JB: Because I’ve spent a lot of time making music, and I know how to make it and make it sound right. A lot of production.
NF: I have a hard time getting involved in that.
JB: But you sing a melody, like, “Oh, right, I can translate that into something.” That’s the sort of stuff that takes the time.
NF: We know what each other can do quite well. Julian enjoys putting music together after we come up with a rough demo, so I let him get on with that. If I’ve got an idea for a costume or makeup or a monster…
JB: He does the drawing and that. I get excited when you start the idea of what these characters can be wearing, and then you get into the details of mixing it up a little bit. Making a mythical beast in sneakers, and all that idea of jumbling up mythical beasts and modern dress. It’s quite good.
NF: We get excited about specific things. When Julian played Bryan Ferry, we fought to give him blue eyebrows. I don’t know why, but it seemed to work.
JB: Bryan Ferry had blue eyes, and we said, “We could put in blue contact lenses,” but we didn’t have any. So we said, “Let’s cut some blue eyebrows.”
NF: “There’s a little blue in his face.”
JB: But actually, that was a painting that you’d done which had something blue on there. We were doing it from a painting. We had bits of painted cards.
NF: And you had a chin with a price tag on or something.
JB: Yeah. They were going to cut that off. I went, “No, leave that on.”
NF: That’s good, yeah.
NF: Yeah. [Laughs.] I mean, in a way, it’s just having freedom to find stuff. Not worrying too much. Sometimes the freedom, the looseness of everything coming together makes the style stronger than if you were really sort of Nazi-ish about it: “It has to look like this, this, and this.” But it can be anything in the Boosh. It’s quite frightening and daunting. Because the world is so big and vast, it could almost be anything. That scares the shit out of us when we’re writing. We get, “Oh my God. We could film an episode upside-down if we wanted to.” Because our show allows that. It wouldn’t work if you did that for Bilko. You’d just go, “Why are you upside-down?” But for us, people would go, “I’m sure there’s a way they can make that work. I don’t know how.”
JB: I don’t know, we’d have to try and get back the right away around.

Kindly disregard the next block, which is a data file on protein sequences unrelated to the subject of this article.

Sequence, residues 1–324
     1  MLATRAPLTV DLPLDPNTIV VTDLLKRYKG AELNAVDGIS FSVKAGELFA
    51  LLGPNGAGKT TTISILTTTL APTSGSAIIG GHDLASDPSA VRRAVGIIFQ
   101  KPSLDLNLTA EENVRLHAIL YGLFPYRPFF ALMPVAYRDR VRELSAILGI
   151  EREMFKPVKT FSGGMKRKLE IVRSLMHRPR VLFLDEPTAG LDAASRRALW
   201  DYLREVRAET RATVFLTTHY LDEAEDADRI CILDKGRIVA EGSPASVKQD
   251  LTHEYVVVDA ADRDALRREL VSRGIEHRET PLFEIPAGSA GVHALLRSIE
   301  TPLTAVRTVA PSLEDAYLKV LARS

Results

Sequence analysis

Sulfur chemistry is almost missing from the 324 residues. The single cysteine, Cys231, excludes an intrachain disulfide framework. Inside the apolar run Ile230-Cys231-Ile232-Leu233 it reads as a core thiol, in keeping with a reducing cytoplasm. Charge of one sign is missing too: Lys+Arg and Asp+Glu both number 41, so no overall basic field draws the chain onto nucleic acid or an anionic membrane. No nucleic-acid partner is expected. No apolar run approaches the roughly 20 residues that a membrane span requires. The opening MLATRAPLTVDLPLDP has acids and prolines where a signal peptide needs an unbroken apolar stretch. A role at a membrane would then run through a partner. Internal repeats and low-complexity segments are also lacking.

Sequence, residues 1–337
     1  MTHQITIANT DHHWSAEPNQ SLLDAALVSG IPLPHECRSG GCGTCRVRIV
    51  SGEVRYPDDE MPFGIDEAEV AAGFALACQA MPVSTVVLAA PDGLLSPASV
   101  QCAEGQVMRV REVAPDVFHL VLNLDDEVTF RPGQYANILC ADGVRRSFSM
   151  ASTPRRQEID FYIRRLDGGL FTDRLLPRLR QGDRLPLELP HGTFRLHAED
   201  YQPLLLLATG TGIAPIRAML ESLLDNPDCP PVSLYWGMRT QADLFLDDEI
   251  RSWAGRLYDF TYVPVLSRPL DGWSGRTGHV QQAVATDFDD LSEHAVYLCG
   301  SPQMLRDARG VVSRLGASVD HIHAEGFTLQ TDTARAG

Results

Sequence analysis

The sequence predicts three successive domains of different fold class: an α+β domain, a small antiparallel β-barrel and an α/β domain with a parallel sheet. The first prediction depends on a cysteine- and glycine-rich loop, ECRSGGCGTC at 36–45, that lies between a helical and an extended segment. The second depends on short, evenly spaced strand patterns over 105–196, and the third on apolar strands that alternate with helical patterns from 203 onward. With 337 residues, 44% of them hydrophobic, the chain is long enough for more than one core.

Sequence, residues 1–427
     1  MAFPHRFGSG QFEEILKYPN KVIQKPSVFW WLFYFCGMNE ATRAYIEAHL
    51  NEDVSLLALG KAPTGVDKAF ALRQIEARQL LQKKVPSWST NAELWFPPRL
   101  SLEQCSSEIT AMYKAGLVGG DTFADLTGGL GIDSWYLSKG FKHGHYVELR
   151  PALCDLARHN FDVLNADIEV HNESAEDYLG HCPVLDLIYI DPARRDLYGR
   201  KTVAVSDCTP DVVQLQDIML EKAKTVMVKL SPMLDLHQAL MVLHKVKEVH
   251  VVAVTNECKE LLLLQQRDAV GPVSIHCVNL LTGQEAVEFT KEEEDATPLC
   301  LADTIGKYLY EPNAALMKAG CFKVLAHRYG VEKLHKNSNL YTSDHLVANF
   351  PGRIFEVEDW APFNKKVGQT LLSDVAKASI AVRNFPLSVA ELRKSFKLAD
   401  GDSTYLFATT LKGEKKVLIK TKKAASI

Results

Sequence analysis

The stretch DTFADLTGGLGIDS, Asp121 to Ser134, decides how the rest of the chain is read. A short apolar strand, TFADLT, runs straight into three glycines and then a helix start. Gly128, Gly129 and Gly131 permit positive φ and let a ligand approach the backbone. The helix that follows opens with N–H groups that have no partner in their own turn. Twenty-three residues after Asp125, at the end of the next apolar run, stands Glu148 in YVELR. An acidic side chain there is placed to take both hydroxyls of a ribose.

NF: Sometimes limits are good, because always you’re just a bit frightened. It’s nice that we can do that.
JB: We could become horses in a show. I don’t think that would happen.
NF: We could actually turn into horses, or apes, and it’d be fine. Our audience wouldn’t mind that, you know?
NF: It does give us a lot of scope.
AVC: You mentioned the costumes, which are quite elaborate, but they always have a kind of ramshackle quality, as if they were—or perhaps in fact are—put together from random things out of the prop shop.
JB: This came from the live world, where you would just cobble stuff together, and it gives it a look, an aesthetic. The beginning way we began making the show was from gaffer tape. Gaffer tape features in a lot of our visuals. We would use Polos [mints], because that’s a quick way to make eyes or masks. We like deadpan sort of masks, and deadpan sort of creatures. For some reason, it’s quite important. When they were looking to make costumes for us, we suddenly found they were making them all goofy, with goofy eyes, and crazy, sort of Disney-fied creatures, and we went, “This is all wrong. We need to make them look really strange and blank and evil.” It’s a very specific aesthetic, so we wanted to retain it in the TV stuff. It doesn’t become any funnier if you use CGI. Like in Holy Grail, Terry Gilliam made the world and everyone so realistic, which was so brilliant. And then in the middle of that, to have the coconuts, the horses. Such a bizarre juxtaposition of low-fi and realism.